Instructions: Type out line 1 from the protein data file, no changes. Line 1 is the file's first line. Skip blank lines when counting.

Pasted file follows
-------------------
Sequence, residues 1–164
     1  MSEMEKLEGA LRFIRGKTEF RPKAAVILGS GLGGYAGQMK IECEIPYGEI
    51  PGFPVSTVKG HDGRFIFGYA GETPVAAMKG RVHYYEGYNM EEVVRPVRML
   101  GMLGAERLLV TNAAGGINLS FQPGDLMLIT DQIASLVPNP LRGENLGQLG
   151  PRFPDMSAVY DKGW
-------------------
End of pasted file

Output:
Sequence, residues 1–164